By Umar Khan.
Tripoli, 3 May:
Libya is demanding that France hand over Bashir . . .[restrict]Salah, one of Qaddafi’s closest associates and former head of Libya’s multi-billion dollar investments in Africa.
“Libya will formally request France for the extradition of Bashir Saleh to Libya”, said government spokesman Nasser Al-Mana on Wednesday at his weekly press conference.
Bashir Saleh is currently a wanted person by the National Transitional Council of Libya. He was captured after the liberation of Tripoli but later escaped. A committee was formed to investigate the circumstances under which he escaped but so far the committee has not submitted any report.
On Tuesday, French President Nicolas Sarkozy said that Saleh was in France and would be handed over to Interpol if Libya wanted him. He added that his presence in Fance has been approved by NTC Chairman Mustafa Abdul Jalil. “The arrival of Mr Salah was made with the full agreement of the president of the Libyan National Transitionl Council,” he said. “The decision for him to be in France was taken after consultation with the Libyan authorities.”
The previous day, French Prime Minister François Fillon, had said that “there was no trace” of an international request for his detention, saying Saleh “comes and goes between France and Niger”.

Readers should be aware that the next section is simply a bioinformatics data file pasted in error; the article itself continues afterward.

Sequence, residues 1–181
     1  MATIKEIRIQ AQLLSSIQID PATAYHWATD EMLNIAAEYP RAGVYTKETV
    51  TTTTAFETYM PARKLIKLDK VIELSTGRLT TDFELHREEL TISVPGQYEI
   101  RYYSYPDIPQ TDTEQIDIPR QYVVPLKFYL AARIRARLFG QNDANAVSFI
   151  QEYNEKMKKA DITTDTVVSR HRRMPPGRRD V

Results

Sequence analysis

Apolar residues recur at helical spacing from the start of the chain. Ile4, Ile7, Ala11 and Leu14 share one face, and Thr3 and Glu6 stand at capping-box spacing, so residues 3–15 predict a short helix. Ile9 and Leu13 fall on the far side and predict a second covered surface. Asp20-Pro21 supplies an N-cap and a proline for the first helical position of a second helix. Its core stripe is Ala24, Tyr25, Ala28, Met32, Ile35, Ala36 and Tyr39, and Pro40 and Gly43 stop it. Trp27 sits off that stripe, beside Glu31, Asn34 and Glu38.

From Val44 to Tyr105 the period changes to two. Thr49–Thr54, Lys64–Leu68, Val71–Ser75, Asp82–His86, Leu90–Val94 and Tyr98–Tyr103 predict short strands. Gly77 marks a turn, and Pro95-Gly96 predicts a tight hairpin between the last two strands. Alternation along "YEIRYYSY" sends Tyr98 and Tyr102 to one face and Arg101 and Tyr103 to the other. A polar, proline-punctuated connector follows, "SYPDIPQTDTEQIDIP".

Libya has, in fact, already put out an Interpol request for Salah’s arrest. His picture appears in the Interpol site of persons wanted by Libya, however there he is named as Bashir Al-Shrkawi.
Speaking about the incident when armed fighters surrounded the headquarters of the National Transitional Council on Tuesday, he said: “We are open to discussions on all topics and with everyone but it is not the right way to come armed to the protest.” He emphasised that it is the “beauty” of democracy was that everybody had a right to voice his opinion but it should be in a civil manner.
On the issue of protesters blocking the AGOCO headquarters in Banghazi, he said: “They are threatening the interests of the state. They should use freedom of speech with responsibility.”
ACOGO say they will halt oil production if the government does not deal with the protestors by the end of today. However, he declined to confirm the number of AGOCO employees taking part in the protests. AGOCO says there is none.
Nonetheless, Nasser Al-Mana said the army’s Chief of Staff was working closely with the Ministry of Interior to improve the security of the oil installations and the exporting terminals. The oil fields were operating in a normal fashion and the production was good, he said, adding that it had reached 1.55 million b/d last week.
Al-Mana also said that the Al-Abraq and Tobruk airports were operational as of this week and four flights came in the first week. The opening of these routes would further facilitate the passengers from the eastern region and allow more flights to the capital, Tripoli.
He also confirmed that 2,270 more fighters had been sent to Jordan for training. Both countries signed an agreement two months ago under which Jordan is to train the security forces of Libya. More than 1,400 were sent for training last month.
Al-Mana also said that a meeting between revolutionaries and the government had taken place in Benghazi. They discussed current issues and ways to improve the overall security situation.
Umar Khan can be found at twitter.com/umarnkhan